Click here for search results
Diversification, innovation, and imitation inside the Global Technological Frontier
 
Author:Klinger, Bailey; Lederman, Daniel; Collection Title:Policy, Research working paper series ; no. WPS 3872
Country:World; Date Stored:2006/03/24
Document Date:2006/04/01Document Type:Policy Research Working Paper
SubTopics:Achieving Shared Growth; Economic Theory & Research; Markets and Market Access; Water Resources Assessment; Airports and Air ServicesLanguage:English
Region:The World RegionReport Number:WPS3872
Volume No:1 of 1  

Summary: Recent research highlights the relationship between economic development and productive diversification, which may be hindered by market failures. After identifying stages of diversification in disaggregated export data, the authors develop a metric for the flows of export "discoveries," or inside-the-frontier innovations in developing countries. They then explore the empirical relationship between economic development and (1) inside-the-frontier-innovation as reflected by the introduction of new export products, (2) export diversification measured by an index of export-revenue concentration, and (3) on-the-frontier innovation as reflected in patents. The data suggest, unsurprisingly, that inside-the-frontier innovation is more common among poor countries than among industrial economies. Overall export diversification increases at low levels of development but declines with development after a high-income point, whereas patenting activity rises exponentially with development. The data also suggest that the relationship between the frequency of export discoveries and economic development is not due to changes in the industrial composition of exports. The authors use a simple model of innovation and imitation to test the hypothesis that the threat of imitation inhibits the discovery of new exports. Econometric evidence suggests that the frequency of export discoveries across countries rises with the returns of export activities (proxied by exogenous export growth during the sample period), but the magnitude of this effect increases with barriers to entry. The count-data estimations deal with unobserved international heterogeneity, and the results are robust to various changes in the specification of the empirical model. This finding supports the hypothesis that market failures inhibit inside-the-frontier innovation.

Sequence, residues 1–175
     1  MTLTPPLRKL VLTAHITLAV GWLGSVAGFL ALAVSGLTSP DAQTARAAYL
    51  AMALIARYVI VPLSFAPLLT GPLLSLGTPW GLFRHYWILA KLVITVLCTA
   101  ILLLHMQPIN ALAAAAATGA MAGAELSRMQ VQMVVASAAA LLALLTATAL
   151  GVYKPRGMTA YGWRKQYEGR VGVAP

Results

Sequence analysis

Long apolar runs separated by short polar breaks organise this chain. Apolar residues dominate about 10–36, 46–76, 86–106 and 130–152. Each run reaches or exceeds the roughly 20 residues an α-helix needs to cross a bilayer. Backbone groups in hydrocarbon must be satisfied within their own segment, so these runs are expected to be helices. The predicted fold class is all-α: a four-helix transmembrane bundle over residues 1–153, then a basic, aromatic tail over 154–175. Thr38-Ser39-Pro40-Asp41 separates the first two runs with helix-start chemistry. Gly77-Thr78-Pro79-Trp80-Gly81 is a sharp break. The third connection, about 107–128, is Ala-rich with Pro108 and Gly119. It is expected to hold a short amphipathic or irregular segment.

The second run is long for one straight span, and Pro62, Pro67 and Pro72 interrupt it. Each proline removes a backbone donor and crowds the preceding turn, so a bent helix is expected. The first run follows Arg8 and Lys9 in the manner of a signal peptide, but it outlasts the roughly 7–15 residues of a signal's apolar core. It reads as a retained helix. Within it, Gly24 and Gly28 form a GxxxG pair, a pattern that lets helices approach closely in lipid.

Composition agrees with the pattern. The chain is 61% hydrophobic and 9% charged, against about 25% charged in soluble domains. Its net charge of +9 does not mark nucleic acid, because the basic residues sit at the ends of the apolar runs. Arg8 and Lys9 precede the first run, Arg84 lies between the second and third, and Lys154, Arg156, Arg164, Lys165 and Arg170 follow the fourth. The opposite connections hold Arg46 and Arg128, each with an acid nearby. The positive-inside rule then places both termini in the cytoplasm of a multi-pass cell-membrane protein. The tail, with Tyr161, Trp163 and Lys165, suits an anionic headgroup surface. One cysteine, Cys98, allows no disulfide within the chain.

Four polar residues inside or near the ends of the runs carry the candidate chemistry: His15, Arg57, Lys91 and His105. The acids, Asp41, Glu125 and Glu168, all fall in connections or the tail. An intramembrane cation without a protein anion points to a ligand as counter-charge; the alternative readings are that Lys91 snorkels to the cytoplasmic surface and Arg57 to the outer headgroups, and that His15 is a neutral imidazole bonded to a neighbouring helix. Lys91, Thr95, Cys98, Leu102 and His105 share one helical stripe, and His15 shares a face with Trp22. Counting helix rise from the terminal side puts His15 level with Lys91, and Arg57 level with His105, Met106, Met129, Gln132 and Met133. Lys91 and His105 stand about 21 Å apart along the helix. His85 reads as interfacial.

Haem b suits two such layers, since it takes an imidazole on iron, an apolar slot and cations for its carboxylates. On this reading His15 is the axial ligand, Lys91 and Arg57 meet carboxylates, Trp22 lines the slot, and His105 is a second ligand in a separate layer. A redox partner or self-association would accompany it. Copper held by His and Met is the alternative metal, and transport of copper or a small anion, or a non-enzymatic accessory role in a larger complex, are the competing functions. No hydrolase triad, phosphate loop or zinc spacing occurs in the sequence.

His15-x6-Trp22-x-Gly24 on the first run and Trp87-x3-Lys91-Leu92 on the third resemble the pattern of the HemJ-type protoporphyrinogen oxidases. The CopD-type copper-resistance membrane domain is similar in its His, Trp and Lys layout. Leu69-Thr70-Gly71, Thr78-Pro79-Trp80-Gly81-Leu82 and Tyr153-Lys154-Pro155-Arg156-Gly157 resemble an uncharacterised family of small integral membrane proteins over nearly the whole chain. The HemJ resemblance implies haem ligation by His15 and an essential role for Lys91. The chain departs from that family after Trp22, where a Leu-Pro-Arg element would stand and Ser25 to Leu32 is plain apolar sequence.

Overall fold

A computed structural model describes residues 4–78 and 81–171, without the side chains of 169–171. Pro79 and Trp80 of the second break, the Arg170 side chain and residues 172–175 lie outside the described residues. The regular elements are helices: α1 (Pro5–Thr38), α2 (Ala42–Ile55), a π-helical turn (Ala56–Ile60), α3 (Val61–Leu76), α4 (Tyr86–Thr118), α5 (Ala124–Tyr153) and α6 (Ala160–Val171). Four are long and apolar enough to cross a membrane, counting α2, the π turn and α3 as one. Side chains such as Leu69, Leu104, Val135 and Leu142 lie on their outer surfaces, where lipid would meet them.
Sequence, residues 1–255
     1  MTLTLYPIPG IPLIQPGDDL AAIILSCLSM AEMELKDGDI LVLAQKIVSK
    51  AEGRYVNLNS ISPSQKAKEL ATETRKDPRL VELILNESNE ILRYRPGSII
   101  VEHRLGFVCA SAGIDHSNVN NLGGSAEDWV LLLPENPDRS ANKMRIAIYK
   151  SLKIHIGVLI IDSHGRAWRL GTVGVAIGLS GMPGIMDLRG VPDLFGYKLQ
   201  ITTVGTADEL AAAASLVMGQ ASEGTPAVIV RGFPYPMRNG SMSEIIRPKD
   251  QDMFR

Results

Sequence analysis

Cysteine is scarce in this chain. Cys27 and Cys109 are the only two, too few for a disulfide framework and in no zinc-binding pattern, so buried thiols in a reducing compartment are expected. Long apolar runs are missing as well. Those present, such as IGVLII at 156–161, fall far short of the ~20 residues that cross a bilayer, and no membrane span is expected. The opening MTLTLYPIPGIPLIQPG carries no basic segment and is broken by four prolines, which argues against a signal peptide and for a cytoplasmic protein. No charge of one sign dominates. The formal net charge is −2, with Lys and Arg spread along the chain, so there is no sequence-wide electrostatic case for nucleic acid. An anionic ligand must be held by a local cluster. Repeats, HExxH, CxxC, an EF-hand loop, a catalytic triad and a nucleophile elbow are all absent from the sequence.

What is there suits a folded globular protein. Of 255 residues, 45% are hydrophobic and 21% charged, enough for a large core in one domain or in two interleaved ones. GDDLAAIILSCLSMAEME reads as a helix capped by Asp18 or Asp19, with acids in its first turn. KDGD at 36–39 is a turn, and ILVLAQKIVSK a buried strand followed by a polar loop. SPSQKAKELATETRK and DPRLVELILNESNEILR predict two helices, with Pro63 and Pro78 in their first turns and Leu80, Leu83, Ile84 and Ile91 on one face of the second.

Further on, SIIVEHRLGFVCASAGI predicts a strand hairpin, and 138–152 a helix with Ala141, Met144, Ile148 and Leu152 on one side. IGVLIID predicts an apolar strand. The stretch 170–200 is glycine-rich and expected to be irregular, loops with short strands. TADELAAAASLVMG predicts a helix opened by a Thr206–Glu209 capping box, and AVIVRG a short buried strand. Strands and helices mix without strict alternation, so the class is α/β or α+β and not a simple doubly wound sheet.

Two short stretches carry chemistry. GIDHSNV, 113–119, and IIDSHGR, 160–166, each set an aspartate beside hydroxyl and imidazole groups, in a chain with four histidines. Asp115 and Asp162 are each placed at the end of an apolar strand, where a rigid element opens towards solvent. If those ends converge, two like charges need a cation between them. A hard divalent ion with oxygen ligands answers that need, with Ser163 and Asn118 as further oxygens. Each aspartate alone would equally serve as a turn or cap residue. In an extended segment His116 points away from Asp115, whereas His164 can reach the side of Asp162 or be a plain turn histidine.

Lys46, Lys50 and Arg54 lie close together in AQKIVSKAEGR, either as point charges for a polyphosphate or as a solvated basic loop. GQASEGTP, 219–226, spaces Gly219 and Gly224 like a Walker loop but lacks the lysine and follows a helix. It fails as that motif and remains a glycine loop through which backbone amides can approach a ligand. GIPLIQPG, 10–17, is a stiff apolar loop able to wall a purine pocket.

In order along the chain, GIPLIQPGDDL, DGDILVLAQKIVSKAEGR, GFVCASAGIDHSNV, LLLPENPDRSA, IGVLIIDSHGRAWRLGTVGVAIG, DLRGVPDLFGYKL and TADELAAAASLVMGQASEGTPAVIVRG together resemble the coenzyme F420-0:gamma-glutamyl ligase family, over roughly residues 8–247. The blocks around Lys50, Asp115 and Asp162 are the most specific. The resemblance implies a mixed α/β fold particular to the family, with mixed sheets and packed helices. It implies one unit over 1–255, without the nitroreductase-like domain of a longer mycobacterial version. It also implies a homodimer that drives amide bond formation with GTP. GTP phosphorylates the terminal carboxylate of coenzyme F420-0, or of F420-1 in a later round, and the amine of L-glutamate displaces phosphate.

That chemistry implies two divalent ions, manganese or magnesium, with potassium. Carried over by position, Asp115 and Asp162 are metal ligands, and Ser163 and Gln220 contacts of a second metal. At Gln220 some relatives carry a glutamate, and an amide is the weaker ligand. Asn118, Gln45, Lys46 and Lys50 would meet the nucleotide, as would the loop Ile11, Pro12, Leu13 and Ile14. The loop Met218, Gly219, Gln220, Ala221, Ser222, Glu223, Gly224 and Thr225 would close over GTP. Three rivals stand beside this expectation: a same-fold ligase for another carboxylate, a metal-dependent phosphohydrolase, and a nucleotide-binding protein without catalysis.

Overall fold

Official Documents
Official, scanned versions of documents (may include signatures, etc.)
File TypeDescriptionFile Size (mb)
PDF 24 pagesOfficial version*0.33
TextText version**
How To Order

* The official version is derived from scanning the final, paper copy of the document and is the official,
archived version including all signatures, charts, etc.
** The text version is the OCR text of the final scanned version and is not an accurate representation of the final text.
It is provided solely to benefit users with slow connectivity.



Permanent URL for this page: http://go.worldbank.org/LNSEMCVME0